Slip-resistant footwear to reduce slips among health-care workers: the SSHeW RCT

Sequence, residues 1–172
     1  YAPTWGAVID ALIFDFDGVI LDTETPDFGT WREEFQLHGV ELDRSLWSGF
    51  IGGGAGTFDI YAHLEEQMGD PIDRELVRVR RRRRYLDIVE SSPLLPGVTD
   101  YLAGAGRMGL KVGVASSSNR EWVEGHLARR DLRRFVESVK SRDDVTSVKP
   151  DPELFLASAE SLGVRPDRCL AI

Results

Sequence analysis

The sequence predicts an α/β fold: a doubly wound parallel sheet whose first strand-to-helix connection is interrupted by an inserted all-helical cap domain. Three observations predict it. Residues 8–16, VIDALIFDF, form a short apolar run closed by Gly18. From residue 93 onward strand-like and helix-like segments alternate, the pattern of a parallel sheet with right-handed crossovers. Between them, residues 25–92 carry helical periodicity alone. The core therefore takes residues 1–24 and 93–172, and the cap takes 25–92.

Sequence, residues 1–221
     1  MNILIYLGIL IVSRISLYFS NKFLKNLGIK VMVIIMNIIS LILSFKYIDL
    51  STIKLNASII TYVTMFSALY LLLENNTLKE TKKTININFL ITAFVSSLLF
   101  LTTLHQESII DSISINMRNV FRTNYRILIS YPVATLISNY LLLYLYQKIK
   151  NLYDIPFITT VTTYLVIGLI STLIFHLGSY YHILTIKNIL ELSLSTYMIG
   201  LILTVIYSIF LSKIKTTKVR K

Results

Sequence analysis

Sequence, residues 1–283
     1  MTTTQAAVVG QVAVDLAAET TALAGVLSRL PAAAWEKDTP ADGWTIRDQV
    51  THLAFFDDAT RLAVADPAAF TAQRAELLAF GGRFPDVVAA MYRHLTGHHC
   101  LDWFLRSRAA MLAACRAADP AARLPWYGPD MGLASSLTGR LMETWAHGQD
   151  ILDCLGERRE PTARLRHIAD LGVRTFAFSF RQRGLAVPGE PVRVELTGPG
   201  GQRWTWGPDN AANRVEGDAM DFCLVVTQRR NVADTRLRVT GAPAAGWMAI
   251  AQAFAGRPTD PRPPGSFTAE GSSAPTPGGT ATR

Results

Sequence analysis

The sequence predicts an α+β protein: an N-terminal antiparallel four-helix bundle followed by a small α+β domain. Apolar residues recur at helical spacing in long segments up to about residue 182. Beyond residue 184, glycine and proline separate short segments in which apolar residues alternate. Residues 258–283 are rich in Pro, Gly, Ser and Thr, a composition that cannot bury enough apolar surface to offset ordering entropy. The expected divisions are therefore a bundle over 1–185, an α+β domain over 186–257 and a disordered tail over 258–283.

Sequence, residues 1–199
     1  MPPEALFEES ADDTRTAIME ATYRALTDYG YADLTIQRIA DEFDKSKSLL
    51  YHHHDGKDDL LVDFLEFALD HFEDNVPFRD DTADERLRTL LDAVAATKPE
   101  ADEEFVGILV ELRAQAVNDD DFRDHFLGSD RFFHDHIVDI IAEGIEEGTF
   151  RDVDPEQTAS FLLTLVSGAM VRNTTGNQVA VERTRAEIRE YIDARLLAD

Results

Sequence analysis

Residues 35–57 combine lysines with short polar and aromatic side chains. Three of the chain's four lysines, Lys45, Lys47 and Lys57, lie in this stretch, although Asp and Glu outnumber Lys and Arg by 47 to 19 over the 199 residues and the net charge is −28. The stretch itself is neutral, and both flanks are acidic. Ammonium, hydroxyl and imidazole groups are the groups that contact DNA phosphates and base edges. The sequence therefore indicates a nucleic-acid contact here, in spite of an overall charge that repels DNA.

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Background In Great Britain, 100,000 injuries due to slips, trips and falls on the level (as opposed to falls from a height, e.g. a ladder) occur in the workplace each year. They are the most common cause of non-fatal injury in the workplace, accounting for 30% of all those injuries reported to the Health and Safety Executive. Nearly 1 million working days are lost because of slips, trips and falls each year. Objectives To assess the clinical effectiveness and cost-effectiveness of 5-star, GRIP-rated, slip-resistant footwear in preventing slips in the workplace compared with usual footwear. Design A two-arm, multicentre, randomised controlled trial with an economic evaluation and qualitative study. Setting Seven NHS trusts in England. Participants NHS staff aged ≥ 18 years, working at least 22.5 hours per week in clinical, general or catering areas who owned a mobile phone. Staff required to wear protective footwear were excluded. Interventions Intervention participants were offered 5-star, GRIP-rated, slip-resistant footwear. The waiting list control group were asked to wear their usual work shoes for the duration of the study and were offered the trial footwear at the end of their participation. Main outcome measures The primary outcome was the incidence rate of self-reported slips in the workplace over 14 weeks. Secondary outcomes included the incidence rate of falls either resulting from a slip or not resulting from a slip, proportion of participants reporting a slip, fall or fracture, time to first slip and fall, health-related quality of life and cost-effectiveness. Results A total of 4553 eligible NHS staff were randomised (2275 to the intervention arm and 2278 to the control arm). In total, 6743 slips were reported [2633 in the intervention group (mean 1.16 per participant, range 0–36 per participant) and 4110 in the control group (mean 1.80 per participant, range 0–83 per participant)]. There was a statistically significant reduction in the slip rate in the intervention group relative to the control group (incidence rate ratio 0.63, 95% confidence interval 0.57 to 0.70; p < 0.001). Statistically significant reductions were observed in falls from a slip (incidence rate ratio 0.51, 95% confidence interval 0.28 to 0.92; p = 0.03), the proportion of participants who reported a slip (odds ratio 0.58, 95% confidence interval 0.50 to 0.66; p < 0.001) or fall (odds ratio 0.73, 95% confidence interval 0.54 to 0.99; p = 0.04) and the time to first slip (hazard ratio 0.73, 95% confidence interval 0.67 to 0.80; p < 0.001). Half of the intervention participants wore the shoes all the time at work. Incremental cost per quality-adjusted life-year in the base case was £38,900 from the NHS perspective and –£60,400 (i.e. cost saving) from the societal perspective. Limitations This was an unblinded trial in which outcome data were participant self-reported, which may have led to inaccuracies in the reported slip data. Exposure to the trial footwear was lower than hoped. Conclusions The offer and provision of 5-star, GRIP-rated footwear reduced slips in the workplace, was acceptable to participants and could be cost-effective. Future work Replication of the study within other settings may be required to evaluate the clinical effectiveness and cost-effectiveness in other environments settings, such as catering and factories. Trial registration Current Controlled Trials ISRCTN33051393. Funding This project was funded by the National Institute for Health Research (NIHR) Public Health Research programme and will be published in full in Public Health Research; Vol. 9, No. 3. See the NIHR Public Journals Library website for further project information. The Health and Safety Executive provided some research costs.